Claims of torture by troops in Iraq ‘a conspiracy’

Mizal Karim Al-Sweady, father of Hamid, has been present at the inquiry. Picture: PA
Mizal Karim Al-Sweady, father of Hamid, has been present at the inquiry. Picture: PA
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ALLEGATIONS of torture and unlawful killing by British troops during the Iraq War are the product of a “conspiracy” by a number of Iraqis to pervert the course of justice and get compensation payments, a public inquiry has been told.

In closing statements to the Al-Sweady Inquiry, lawyers for British soldiers and the Ministry of Defence said claims that UK troops killed Iraqis after the Battle of Danny Boy in May 2004, as well as torturing detainees and mutilating bodies, were untrue and had caused “immense anxiety and distress” to a number of soldiers, and a cost of more than £22 million to the public purse.

They accused Iraqis who made the allegations of actively trying to deceive the inquiry into believing detainees had been mistreated for an “ulterior motive” of financial compensation.

The inquiry was set up to examine allegations that 20 or more Iraqis were unlawfully killed at Camp Abu Naji (CAN) near Majar-al-Kabir in southern Iraq on May 14 and 15 2004, and that detainees were ill-treated there and later at Shaibah Logistics Base.

Oral hearings started last year and it has heard evidence from nearly 300 witnesses, including 222 military witnesses.

But in an unprecedented move, the claims of unlawful killing of Iraqi civilians by British soldiers were dropped last month after lawyers representing the alleged victims’ families admitted there was no evidence it happened.

The inquiry, set up in 2009 amid a judicial review brought by Iraqi claimants, will continue to examine allegations of mistreatment of Iraqi detainees after the battle.

In a closing statement today, lawyers for the MoD said it had become clear that allegations of murder were untrue.

“The untruthful allegations cannot be attributed to honest mistakes or misunderstandings. They are the product of a conspiracy between a number of the Iraqi core participants to pervert the course of justice.

“The conspiracy has resulted in immense anxiety and distress to a number of brave servicemen and a cost to British taxpayers of well in excess of £20 million.”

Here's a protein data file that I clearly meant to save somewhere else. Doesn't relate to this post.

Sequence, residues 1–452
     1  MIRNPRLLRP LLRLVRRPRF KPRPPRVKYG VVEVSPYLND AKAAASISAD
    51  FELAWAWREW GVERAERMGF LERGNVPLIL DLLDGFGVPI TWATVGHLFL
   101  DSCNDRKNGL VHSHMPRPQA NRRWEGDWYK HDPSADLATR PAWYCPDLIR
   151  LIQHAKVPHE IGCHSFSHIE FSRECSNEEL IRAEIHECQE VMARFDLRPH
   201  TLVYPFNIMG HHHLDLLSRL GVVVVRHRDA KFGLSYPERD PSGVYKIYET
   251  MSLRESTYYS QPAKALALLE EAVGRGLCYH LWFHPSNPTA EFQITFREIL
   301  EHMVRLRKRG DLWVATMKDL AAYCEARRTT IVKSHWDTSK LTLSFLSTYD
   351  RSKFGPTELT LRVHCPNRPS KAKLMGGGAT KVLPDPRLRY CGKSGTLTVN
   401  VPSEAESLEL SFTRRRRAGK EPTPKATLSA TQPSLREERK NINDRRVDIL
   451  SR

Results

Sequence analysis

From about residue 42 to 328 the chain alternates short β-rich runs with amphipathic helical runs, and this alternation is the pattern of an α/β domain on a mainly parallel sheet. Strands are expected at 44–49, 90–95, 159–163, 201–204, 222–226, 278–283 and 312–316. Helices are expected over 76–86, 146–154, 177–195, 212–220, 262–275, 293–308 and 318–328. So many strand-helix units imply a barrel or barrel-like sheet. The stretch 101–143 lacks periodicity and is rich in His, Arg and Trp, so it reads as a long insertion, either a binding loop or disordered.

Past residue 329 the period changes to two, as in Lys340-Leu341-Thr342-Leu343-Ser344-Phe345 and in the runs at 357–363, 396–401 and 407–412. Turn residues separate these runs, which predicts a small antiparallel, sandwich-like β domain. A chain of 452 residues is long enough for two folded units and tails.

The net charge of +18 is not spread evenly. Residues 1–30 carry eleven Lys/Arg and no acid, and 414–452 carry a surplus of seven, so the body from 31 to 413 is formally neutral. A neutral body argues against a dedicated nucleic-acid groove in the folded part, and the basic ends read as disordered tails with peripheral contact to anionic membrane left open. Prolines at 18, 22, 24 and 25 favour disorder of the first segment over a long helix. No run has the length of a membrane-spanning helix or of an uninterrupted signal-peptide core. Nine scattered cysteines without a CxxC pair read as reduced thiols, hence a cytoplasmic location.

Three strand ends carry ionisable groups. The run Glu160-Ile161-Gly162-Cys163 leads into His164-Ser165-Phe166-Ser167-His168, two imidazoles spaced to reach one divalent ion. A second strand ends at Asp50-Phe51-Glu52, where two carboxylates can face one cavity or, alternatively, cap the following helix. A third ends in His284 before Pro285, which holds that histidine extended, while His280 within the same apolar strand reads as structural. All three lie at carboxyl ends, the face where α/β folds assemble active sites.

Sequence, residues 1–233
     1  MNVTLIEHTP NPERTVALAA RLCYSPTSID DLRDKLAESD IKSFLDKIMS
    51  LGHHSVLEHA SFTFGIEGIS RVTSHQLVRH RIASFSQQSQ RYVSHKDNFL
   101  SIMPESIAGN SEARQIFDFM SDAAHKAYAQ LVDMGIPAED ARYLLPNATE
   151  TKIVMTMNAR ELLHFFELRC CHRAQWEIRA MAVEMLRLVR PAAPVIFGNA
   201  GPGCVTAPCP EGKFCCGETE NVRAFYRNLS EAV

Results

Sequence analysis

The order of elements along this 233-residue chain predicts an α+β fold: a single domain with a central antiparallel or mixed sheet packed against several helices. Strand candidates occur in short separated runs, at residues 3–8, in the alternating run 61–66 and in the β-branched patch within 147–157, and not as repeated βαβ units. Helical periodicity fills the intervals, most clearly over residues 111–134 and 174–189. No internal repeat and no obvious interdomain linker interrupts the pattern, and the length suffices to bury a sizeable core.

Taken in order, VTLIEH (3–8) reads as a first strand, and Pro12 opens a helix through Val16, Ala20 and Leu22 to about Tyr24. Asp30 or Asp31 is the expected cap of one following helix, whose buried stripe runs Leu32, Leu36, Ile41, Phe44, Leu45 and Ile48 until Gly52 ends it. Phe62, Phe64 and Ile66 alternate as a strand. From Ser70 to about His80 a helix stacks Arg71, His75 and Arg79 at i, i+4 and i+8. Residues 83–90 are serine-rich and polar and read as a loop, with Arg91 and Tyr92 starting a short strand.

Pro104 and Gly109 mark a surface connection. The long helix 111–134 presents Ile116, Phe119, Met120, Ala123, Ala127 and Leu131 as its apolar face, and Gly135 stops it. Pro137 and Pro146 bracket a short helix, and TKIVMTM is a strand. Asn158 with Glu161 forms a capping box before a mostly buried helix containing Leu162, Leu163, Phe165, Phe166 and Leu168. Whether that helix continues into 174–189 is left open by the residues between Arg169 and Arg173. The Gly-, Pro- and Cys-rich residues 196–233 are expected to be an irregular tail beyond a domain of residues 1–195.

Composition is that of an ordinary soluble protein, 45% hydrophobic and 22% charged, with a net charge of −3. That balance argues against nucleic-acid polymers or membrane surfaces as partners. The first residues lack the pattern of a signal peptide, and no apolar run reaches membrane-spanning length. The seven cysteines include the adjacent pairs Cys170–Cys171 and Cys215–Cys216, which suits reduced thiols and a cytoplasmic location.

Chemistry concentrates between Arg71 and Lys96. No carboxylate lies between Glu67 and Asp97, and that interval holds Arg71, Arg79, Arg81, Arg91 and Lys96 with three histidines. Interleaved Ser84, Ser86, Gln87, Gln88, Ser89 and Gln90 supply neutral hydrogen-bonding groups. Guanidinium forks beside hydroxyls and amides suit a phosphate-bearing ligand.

The MoD also dismissed several other allegations - including claims that British soldiers used “microbial weapons” - as “patently untrue”.

It admitted there had been “some instances” where conduct of British soldiers fell below expected standards, such as a detainee being shouted at and plasticuffs being applied incorrectly, but they were on a different scale to allegations of murder, torture and mutilation.

Neil Garnham QC, from Treasury Solicitors, which represented many of the British personnel involved in the inquiry, said that some Iraqi witnesses had resorted to “elaborate fabrication” to explain why they and others were on the battlefield in the first place.

He said: “If the inquiry concludes, contrary to their accounts, they were involved in the ambush, then they have all repeatedly, persistently and deliberately given false evidence, including on oath, to you sir.”

Mr Garnham said there had been no systematic mistreatment of detainees at CAN and accounts of alleged abuse were “implausible, confused and internally inconsistent”, with some detainees having “exaggerated and fabricated” their accounts of ill-treatment.

He said there had been a “deliberate and co-ordinated” attempt by the nine detainees to give misleading evidence about mistreatment, saying: “they actively participated in attempts to deceive the court and this inquiry into believing that Iraqis...were tortured.

“The witnesses, in addition to having an ulterior motive to make allegations of mistreatment in the form of financial compensation, have expressed violent antipathy towards coalition forces.”

But Patrick O’Connor, QC, from Public Interest Lawyers - representing the Iraqi claimants - said although original allegations of unlawful killing had been dropped, claims of mistreatment were “grave indeed”.

He said if the MoD had set up its own “effective, prompt and independent investigation”, it could have achieved what the inquiry had achieved “years ago and at a small fraction of the cost”.

“None of this would have been necessary if they had acted responsibly and in the public interest years ago.

“The heavy cost of this inquiry is the heavy cost of their dereliction of legal, moral and professional duty.”

Of allegations of mistreatment, he said: “These issues are grave indeed: gross violations of the Geneva Conventions, inhuman and degrading treatment of wounded, broken and helpless young men, who were utterly at the mercy of their military handlers and interrogators.”

Mr O’Connor said there had been “stirrings of controversy” over the relationship between the armed forces and the “rule of law”, saying: “It would be a tidy landscape if our armed forces were safe from accountability to the rule of law.

“Some may describe that as Arcadian. Some others may describe it perhaps as Orwellian.

“Sir, we are witnesses to the cold arrogance of the British state at work.”

The inquiry chairman Sir Thayne Forbes is expected to produce his report by the end of this year.


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